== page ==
Archive for April, 2013


April 25th, 2013

Till Tantau’s PGF (Portable Graphics Format) is a package that adds graphics capabilities to {La|Xe}TeX, and TikZ (Tikz ist kein Zeichenprogramm – “Tikz is not a drawing program”) is a set of commands on top of PGF that makes it easier to handle. A number of packages that are useful to linguists use TikZ (eg Daniele Pighin’s TikZ-dependency for drawing dependency diagrams, or David Chiang’s tikz-qtree), and I’ve recently been investigating how to use it for representing pitch in tone and intonational languages.

One useful program that makes it easier to experiment with TikZ is Florian Hackenberger’s ktikz. Although this hasn’t been updated since 2010, it works well. You enter the TikZ code in the left-hand pane, and the right-hand pane gives you an immediate representation of what your graphic looks like. Some templates for standard LaTeX documents are available in /usr/share/kde4/apps/ktikz/templates, but it’s a good idea to set up a template in your home dir so that you don’t have to be root to edit it, and point ktikz to it. You can then add additional packages and frequently-used tikzlibrary options to that. Note that new tikzlibrary options will not be accessed until ktikz has been closed and restarted. Alternatively, you can just add tikzlibraries you will not be using frequently above the \begin{tikzpicture}.

Once you have drawn your graphic, you may want to put it on a webpage. One handy way of doing this is Pavel Holoborodko’s QuickLaTeX. The QuickLaTeX server compiles the LaTeX code you enter, and gives you a URL for the resulting output. You can then paste that URL into the webpage where you want the LaTeX output. For a TikZ graphic, put the tikzpicture code in the top box, and the environment:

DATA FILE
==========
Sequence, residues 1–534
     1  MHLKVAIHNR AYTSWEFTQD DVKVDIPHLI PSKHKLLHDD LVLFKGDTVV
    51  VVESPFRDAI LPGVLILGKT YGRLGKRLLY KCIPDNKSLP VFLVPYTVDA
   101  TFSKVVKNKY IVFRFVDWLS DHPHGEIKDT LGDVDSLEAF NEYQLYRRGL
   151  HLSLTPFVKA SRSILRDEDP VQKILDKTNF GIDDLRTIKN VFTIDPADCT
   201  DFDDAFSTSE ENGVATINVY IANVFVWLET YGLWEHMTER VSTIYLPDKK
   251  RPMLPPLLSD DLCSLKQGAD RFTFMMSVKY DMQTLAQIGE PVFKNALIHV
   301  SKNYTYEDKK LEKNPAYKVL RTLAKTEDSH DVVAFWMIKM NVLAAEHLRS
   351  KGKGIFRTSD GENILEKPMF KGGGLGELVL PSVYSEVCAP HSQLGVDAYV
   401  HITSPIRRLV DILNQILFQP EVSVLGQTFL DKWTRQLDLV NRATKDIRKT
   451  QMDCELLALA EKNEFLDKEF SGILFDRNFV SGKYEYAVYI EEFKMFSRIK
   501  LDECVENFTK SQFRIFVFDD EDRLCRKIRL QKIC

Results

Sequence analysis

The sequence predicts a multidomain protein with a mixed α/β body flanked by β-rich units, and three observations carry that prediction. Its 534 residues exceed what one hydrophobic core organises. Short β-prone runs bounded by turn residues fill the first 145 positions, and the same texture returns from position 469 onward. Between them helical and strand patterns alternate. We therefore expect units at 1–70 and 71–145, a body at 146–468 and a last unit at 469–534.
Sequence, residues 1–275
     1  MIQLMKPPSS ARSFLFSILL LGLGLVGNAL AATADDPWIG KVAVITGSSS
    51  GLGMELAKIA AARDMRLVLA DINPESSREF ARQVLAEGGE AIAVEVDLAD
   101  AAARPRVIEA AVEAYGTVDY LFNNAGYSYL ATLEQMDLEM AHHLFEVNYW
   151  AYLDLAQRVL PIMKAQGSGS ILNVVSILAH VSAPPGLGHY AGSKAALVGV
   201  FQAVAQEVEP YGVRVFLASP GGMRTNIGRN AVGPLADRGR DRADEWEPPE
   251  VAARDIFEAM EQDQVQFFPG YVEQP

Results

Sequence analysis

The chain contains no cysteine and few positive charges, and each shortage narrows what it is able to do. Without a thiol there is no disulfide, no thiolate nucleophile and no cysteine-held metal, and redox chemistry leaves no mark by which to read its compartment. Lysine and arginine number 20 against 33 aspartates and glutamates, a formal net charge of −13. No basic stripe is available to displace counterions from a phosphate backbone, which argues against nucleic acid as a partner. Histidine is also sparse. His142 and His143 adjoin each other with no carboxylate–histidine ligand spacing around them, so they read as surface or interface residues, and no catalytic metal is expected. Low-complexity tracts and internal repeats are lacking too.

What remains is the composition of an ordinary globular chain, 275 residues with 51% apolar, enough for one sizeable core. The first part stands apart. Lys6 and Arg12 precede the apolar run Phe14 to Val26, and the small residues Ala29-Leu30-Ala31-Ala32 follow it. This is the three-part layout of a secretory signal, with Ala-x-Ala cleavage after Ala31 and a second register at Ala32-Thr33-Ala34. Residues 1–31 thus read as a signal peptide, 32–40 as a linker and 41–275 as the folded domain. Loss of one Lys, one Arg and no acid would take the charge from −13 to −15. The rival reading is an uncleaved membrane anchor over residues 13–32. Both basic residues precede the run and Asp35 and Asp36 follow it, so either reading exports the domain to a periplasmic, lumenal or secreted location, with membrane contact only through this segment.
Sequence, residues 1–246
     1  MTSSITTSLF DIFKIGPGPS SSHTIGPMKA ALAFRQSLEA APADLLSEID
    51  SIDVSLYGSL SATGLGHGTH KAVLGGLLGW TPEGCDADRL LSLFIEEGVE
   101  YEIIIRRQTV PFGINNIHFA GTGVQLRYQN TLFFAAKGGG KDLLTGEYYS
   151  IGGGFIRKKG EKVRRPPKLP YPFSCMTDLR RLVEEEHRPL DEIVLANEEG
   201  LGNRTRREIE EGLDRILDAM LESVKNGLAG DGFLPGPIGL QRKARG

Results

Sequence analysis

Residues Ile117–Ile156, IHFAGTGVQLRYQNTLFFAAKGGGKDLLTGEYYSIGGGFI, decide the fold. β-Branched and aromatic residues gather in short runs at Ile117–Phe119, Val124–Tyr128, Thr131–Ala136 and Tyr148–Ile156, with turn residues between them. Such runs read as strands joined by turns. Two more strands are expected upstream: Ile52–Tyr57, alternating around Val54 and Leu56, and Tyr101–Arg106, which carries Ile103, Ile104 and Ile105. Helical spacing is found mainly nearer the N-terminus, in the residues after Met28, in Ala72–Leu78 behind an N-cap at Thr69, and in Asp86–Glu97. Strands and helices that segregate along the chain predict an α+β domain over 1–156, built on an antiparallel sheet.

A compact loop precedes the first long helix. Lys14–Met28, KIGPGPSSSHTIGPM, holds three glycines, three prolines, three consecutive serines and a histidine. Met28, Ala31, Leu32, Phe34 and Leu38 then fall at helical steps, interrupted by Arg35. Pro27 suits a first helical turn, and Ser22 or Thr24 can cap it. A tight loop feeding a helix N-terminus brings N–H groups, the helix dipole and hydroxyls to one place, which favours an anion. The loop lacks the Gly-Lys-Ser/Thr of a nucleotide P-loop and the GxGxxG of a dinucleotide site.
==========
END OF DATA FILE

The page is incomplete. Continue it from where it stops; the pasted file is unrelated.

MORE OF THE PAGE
in the Choose Options box. Then click Render to get the compiled code and its URL.

An alternative approach for a WordPress blog is to use Pavel’s plugin, which compiles the code and sends your blog the image to be inserted in place of the code. Add the above lines to the preamble box on the Advanced tab of the plugin settings, and then you can, for instance, use the following tikz-qtree code (taken from a TeX StackExchange question) to produce a nicely-formatted syntax tree:

\Tree [ 
  .TP [ 
      .T\1 \node(C){T+verb}; [
          .vP \qroof{`ana}.DP [
             .v\1 \node(B){v+verb};
                 .VP [
                     .V\1 \node(A){V+verb}; \qroof{taalib}.DP 
\draw [semithick,->] (A) to[out=240,in=270] (B.south);
\draw [semithick,->] (B) to[out=240,in=180] (C);

Rendered by

TikZ is a very powerful system for producing almost any kind of printed graphic, and QuickLaTeX allows those graphics to be made easily available on the web.